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Over the last 2,500 years, cancer has shifted from a disease in the shadows to one at the center of scientific research and public discussion. In the first of two special episodes, On the Media dives deep into the way we talk about cancer: in the news, in the hospital, and in our private lives. This week’s On The Media is part of WNYC’s Living Cancer Series, a radio companion to “Ken Burns Presents Cancer: The Emperor of All Maladies, coming to PBS March 30. Support for Living Cancer is...

Duration:00:53:05

Living Cancer: Precision Medicine

3/26/2015
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Dr. Harold Varmus, director of the National Cancer Institute, Nobel Prize-winning scientist, and former president of Memorial Sloan-Kettering Cancer Center, discusses the study of genomics in the treatment of cancer. Then, Susan Gubar, distinguished professor emerita of English at Indiana University, the "Living With Cancer" columnist for The New York Times and the author of Memoir of a Debulked Woman: Enduring Ovarian Cancer (W. W. Norton & Company, 2012), fields your calls about how to...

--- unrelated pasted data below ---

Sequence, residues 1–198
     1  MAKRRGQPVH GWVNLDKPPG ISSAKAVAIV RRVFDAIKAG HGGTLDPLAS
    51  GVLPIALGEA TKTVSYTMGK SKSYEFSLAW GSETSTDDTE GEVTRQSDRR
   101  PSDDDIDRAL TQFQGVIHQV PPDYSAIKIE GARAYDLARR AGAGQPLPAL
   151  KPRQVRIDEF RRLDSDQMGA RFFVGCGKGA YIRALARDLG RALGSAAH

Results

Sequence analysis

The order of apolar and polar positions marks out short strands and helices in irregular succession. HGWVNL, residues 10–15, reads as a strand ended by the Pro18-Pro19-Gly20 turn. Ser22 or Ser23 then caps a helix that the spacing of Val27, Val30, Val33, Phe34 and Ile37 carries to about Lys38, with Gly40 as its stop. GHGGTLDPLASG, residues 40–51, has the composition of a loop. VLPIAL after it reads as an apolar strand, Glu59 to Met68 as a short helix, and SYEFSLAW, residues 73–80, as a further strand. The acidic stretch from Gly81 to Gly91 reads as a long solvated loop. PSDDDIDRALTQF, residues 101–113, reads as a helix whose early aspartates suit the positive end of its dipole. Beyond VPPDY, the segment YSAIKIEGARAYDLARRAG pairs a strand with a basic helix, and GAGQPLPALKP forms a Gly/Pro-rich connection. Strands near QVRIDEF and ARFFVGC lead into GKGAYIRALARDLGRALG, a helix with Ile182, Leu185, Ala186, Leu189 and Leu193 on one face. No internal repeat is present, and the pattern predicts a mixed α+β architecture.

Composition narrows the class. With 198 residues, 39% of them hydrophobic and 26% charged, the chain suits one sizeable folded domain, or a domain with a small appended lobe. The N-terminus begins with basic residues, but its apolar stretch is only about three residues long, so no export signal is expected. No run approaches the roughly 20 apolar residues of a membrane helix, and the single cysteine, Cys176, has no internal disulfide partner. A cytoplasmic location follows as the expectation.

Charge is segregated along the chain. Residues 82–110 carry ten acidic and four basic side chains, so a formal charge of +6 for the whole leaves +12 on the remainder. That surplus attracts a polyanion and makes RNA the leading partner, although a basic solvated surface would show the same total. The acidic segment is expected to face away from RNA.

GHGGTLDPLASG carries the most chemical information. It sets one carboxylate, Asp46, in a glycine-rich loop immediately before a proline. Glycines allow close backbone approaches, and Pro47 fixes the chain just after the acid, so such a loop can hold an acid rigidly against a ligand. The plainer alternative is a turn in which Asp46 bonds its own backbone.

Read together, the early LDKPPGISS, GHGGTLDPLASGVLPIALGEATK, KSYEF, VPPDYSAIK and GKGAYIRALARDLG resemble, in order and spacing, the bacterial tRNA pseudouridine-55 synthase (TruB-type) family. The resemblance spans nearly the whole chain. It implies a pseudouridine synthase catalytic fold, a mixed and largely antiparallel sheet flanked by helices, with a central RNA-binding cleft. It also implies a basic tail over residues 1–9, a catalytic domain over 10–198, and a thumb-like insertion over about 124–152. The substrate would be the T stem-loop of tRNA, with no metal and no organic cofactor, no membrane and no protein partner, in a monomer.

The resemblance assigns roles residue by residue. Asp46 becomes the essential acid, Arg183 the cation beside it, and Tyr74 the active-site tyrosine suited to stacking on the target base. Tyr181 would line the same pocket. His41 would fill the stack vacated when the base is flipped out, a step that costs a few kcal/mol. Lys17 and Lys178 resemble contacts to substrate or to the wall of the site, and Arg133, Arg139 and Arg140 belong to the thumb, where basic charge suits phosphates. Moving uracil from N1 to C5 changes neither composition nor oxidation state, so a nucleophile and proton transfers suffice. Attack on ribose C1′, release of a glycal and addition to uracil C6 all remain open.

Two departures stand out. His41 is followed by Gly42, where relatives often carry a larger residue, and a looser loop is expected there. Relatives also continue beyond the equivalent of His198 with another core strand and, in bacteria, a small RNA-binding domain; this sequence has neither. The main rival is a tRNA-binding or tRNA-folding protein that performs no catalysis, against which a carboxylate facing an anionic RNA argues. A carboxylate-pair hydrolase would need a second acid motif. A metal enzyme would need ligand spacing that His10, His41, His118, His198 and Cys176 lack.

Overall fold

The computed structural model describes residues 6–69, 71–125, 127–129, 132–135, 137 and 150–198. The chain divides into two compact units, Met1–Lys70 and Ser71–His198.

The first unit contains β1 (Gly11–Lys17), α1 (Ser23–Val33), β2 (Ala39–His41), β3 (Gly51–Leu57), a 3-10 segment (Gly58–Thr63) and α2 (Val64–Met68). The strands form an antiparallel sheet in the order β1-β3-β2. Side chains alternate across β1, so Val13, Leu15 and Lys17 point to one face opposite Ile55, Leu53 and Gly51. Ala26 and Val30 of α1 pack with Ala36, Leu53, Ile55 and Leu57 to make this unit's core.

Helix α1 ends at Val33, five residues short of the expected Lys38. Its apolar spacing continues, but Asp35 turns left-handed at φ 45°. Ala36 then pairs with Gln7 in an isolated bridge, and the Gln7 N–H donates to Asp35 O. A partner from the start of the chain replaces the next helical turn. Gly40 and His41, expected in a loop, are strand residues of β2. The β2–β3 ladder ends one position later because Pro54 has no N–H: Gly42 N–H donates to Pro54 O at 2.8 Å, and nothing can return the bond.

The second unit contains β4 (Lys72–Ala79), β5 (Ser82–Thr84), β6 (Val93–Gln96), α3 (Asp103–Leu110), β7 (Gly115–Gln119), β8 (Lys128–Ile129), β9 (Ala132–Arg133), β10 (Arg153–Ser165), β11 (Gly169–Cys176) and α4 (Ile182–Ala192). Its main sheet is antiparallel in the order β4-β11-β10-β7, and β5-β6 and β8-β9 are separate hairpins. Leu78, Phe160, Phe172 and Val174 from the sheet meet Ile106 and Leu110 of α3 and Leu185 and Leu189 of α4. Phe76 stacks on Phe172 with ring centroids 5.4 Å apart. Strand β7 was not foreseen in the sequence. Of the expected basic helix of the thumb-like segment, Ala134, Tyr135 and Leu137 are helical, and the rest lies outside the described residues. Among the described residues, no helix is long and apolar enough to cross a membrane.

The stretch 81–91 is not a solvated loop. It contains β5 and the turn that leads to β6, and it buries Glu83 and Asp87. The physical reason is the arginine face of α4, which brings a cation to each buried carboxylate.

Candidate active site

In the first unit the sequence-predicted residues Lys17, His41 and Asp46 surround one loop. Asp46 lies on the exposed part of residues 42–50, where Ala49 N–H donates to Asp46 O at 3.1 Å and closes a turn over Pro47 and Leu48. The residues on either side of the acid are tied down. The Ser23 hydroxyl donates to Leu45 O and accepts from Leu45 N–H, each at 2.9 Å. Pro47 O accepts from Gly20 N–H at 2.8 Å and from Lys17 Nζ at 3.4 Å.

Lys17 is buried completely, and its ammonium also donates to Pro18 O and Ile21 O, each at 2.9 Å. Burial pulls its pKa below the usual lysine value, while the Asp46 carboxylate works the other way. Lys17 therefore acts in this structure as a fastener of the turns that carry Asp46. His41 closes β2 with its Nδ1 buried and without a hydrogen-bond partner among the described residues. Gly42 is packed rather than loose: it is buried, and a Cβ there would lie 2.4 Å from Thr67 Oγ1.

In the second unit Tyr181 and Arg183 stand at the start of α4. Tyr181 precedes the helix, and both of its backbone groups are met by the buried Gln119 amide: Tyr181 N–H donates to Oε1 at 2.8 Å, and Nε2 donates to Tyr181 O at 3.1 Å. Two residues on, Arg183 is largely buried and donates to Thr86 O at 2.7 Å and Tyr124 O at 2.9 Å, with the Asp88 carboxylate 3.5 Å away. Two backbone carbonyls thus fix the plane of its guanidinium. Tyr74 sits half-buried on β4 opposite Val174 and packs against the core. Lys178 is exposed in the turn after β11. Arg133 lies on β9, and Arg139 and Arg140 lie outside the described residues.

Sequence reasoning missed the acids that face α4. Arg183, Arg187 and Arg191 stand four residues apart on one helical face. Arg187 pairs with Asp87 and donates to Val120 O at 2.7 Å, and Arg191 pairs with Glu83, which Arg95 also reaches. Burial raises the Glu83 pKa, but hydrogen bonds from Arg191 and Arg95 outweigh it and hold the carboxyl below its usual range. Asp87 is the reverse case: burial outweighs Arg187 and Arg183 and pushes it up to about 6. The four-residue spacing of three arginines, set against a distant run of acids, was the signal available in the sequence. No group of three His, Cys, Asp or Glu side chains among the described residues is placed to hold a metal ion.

Duration:00:33:38

Why a Skin Cancer Drug Is Treating This Woman’s Brain Tumor

3/26/2015
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In November 2013, MaryAnn Anselmo was recovering from a horrific traffic accident. She's a jazz singer, who lives with her husband, Joseph Anselmo, in Morganville, New Jersey. During her recovery, she started feeling dizzy one afternoon, and her husband insisted she go back to the doctor. An MRI revealed that she had a glioblastoma, a brain tumor. “You start doing research on that type of tumor and you’re saying, ‘Oh my god, you’re history.’ It’s like a death sentence,” Anselmo...